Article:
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Terry v. State

Supreme Court of Georgia

August 14, 2017

TERRY
v.
THE STATE.

          Boggs, Justice.

         Appellant Michael Terry pled guilty to several charges in connection with the murder of his wife.[1] He files this pro se out-of-time appeal asserting that he received ineffective assistance of appellate counsel and that the trial court erred in refusing to allow him to withdraw his plea. For the following reasons, we affirm.

         The record reveals that prior to the start of his trial, on October 15, 2013, Terry, represented by counsel, James Wyatt of the Rome Conflict Defender Office, informed the trial court that he wanted to enter a guilty plea. Following a hearing, the trial court accepted Terry's guilty plea and sentenced him to life in prison, with an additional 20 years to be served concurrently. This sentence was imposed during the September 2013 term of court for the Floyd County Superior Court. See OCGA § 15-6-3 (33) (the terms of court for the Floyd County Superior Court commence on the second Monday in January, March, July, and September, and the first Monday in May and November). The next term of court began on November 4, 2013. Terry asserts that he asked plea counsel to withdraw his guilty plea on the same day he entered the plea, but plea counsel filed the motion seven days late, on November 11, 2013.

         The trial court appointed new counsel, John Howe, who entered a notice of appearance on January 9, 2014.[2] On June 17, 2014, Howe filed an amended motion to withdraw Terry's guilty plea, adding ineffective assistance of counsel as a ground. But during the hearing on the matter, Howe appears to have orally withdrawn that motion, acknowledging that the court had no jurisdiction to rule. After the hearing, the trial court denied Terry's motion to withdraw his plea because it was untimely filed and the court therefore had no jurisdiction to consider it.

         On March 2, 2016, although he was still represented by counsel, Terry filed a pro se "MOTION TO AN OUT OF TIME APPEAL." The trial court denied the motion on March 21. Again while represented by counsel, on August 8, 2016, Terry filed another pro se motion for an out-of-time appeal, and a pro se motion to represent himself for that appeal. Following an October 2016 hearing during which Terry was still represented by Howe, the trial court denied Terry's renewed request to withdraw his plea, again on the ground that his motion was filed outside of the term of court in which it was entered. The court did, however, grant Terry's motion to represent himself on appeal, and granted him an out-of-time appeal from the order denying his motion to withdraw his guilty plea, giving him 30 days to file.[3]

         1. Terry contends that he had a right to appointed counsel "on direct appeal" and that he was denied counsel for his "first appeal, " and did not waive that right. It is unclear from Terry's brief what he means by his "first appeal." In any event, the record reveals no notice of direct appeal or attempt to file a direct appeal for which Terry would have been entitled to counsel.[4] "An indigent defendant is entitled to representation by counsel only for trial and for the direct appeal from the judgment of conviction and sentence." (Citation and punctuation omitted.) Pierce v. State, 289 Ga. 893, 894 (1) (717 S.E.2d 202) (2011). As we noted in Pierce, only a timely motion to withdraw his plea would have triggered Terry's right to appointed counsel. Id.; see also Brooks v. State, Ga., (S17A1065, decided August 14, 2017). His motion to withdraw the plea was filed outside of the term of court in which the plea was entered and was thus untimely. See Henry v. State, 269 Ga. 851, 853 (2) (507 S.E.2d 419) (1998). This claim of error is without merit.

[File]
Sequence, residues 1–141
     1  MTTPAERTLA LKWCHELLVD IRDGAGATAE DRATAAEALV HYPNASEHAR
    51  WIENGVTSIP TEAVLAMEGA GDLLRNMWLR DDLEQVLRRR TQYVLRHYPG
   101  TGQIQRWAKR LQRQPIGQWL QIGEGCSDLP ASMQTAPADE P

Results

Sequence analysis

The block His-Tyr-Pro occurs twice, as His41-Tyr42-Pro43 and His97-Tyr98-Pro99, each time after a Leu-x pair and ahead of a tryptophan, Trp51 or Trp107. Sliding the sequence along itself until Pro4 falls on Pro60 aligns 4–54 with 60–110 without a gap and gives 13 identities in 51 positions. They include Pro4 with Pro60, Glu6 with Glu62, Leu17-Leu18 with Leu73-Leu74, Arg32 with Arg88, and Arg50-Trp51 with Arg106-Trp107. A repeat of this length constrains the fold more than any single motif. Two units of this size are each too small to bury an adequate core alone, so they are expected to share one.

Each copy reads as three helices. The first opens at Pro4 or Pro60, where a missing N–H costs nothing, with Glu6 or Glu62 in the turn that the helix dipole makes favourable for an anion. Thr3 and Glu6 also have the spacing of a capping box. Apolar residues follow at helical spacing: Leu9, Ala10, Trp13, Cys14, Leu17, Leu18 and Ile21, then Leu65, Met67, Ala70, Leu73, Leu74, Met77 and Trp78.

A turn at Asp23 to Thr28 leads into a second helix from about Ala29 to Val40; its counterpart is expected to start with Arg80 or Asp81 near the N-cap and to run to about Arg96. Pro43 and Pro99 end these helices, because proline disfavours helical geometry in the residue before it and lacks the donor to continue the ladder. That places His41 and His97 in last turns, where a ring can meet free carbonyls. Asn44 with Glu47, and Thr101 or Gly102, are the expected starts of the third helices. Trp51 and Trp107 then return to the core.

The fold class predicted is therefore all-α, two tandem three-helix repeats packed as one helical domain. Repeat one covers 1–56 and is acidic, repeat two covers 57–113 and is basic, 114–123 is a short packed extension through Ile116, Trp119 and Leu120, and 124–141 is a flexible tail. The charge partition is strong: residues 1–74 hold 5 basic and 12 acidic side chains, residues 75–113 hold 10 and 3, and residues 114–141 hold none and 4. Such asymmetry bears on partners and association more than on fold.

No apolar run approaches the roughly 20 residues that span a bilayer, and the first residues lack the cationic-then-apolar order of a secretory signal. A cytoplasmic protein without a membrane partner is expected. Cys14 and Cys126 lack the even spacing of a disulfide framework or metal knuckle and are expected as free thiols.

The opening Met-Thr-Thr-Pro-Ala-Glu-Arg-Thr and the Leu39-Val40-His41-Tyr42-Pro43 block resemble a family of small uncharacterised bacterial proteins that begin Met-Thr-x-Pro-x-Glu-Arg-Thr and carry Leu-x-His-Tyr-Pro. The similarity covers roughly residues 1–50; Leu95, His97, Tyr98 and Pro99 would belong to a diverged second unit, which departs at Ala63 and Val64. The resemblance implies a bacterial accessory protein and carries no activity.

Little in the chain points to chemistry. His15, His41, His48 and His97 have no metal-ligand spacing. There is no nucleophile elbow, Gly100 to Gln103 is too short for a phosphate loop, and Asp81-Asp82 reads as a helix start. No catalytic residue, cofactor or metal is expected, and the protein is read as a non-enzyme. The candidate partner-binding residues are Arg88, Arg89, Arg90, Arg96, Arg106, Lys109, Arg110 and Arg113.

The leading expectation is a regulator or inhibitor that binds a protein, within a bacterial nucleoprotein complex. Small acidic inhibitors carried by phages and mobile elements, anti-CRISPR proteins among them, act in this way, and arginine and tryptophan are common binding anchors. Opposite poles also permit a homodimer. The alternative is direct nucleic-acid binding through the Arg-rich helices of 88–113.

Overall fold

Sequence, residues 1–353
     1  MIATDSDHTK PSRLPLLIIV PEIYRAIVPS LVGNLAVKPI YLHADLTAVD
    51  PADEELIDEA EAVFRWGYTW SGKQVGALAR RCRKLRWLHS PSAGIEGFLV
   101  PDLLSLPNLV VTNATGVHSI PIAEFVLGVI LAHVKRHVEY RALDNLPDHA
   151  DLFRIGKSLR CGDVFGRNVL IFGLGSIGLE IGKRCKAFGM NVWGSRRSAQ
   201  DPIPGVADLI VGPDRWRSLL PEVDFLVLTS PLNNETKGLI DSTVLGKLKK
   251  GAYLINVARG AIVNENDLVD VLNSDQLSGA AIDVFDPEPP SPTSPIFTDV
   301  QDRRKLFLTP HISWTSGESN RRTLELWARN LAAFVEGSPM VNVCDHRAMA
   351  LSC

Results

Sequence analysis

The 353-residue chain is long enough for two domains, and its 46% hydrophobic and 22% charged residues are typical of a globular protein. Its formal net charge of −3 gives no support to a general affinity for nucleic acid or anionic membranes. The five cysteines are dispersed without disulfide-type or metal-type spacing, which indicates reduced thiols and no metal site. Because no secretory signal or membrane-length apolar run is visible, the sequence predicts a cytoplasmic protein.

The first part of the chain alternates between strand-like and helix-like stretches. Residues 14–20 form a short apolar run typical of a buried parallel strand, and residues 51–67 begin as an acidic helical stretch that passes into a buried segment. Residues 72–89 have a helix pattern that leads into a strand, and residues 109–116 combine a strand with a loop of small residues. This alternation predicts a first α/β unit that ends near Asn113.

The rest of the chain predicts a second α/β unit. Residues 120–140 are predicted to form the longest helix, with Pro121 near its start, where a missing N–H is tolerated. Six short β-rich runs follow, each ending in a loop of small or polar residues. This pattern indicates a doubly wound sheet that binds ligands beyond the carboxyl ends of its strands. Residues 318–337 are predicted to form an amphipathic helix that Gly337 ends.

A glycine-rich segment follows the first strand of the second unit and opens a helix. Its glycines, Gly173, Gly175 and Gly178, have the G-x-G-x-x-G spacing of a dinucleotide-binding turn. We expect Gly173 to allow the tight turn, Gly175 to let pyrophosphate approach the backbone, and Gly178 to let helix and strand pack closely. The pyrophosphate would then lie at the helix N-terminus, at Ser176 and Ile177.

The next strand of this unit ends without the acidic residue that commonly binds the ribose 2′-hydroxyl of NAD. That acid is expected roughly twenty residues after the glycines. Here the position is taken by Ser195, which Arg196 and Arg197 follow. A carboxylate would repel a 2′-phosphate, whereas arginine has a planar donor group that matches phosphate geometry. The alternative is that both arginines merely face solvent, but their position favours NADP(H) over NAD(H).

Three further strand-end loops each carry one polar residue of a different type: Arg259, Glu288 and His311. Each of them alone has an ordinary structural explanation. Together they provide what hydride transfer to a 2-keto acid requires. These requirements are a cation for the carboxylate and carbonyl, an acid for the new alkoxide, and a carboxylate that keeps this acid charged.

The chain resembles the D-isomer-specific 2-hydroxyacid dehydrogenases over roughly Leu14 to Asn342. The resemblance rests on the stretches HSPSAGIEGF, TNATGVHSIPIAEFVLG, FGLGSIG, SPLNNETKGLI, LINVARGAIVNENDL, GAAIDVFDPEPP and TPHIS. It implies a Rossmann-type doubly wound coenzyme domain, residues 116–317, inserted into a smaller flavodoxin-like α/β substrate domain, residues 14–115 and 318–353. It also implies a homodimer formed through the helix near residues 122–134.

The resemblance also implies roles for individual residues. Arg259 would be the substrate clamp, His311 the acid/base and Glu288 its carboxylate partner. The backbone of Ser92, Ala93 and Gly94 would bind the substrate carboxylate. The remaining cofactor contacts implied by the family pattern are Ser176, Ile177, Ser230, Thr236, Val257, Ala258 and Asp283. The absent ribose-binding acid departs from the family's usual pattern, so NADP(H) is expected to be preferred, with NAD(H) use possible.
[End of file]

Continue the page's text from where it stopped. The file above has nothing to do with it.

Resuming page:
2. In two enumerations, Terry argues that he received ineffective assistance of appellate counsel. Specifically, he contends that in withdrawing the motion to withdraw Terry's guilty plea on the grounds that the motion was filed outside of the term of court and therefore the court was without jurisdiction to entertain it, Howe was ineffective. Without further explanation, Terry argues that the trial court had jurisdiction to allow withdrawal of the plea because it "was timely filed even though it was filed 28 days later but well within the statutory range."[5]

         Pretermitting whether Terry has raised a valid claim of ineffective assistance of counsel, he was not entitled to appointed counsel to assist with the untimely motion to withdraw his plea. See Gibson v. Turpin, 270 Ga. 855, 857 (1) (513 S.E.2d 186) (1999) ("Under the United States Constitution, the state is required to provide counsel to indigent defendants for their trial, and for their first appeal as a matter of right, but no further." (Citations omitted.)). As the trial court explained to Terry at the hearing on the motion, his only available means to withdraw his plea is through habeas corpus proceedings.

         Judgment affirmed. All the Justices concur.

---------

Notes:

[1] According to the factual basis presented by the State during the plea hearing, Terry shot and killed his wife, Juanita Terry, before turning the gun on himself. The police responded to a 911 call from the Terrys' 13-year-old son and found Terry injured and his wife deceased. Terry pled guilty to two counts of felony murder, and one count each of aggravated assault, aggravated battery, and cruelty to children in the first degree.

[2] It is unclear from the record why the court appointed counsel or if Terry requested the appointment.

[3] The merits of the trial court's order granting Terry's motion for an out-of-time appeal are not before us. See Tyner v. State, 289 Ga. 592, 594 (3) n.1 (714 S.E.2d 577) (2011), overruled on other grounds, Lejeune v. ...


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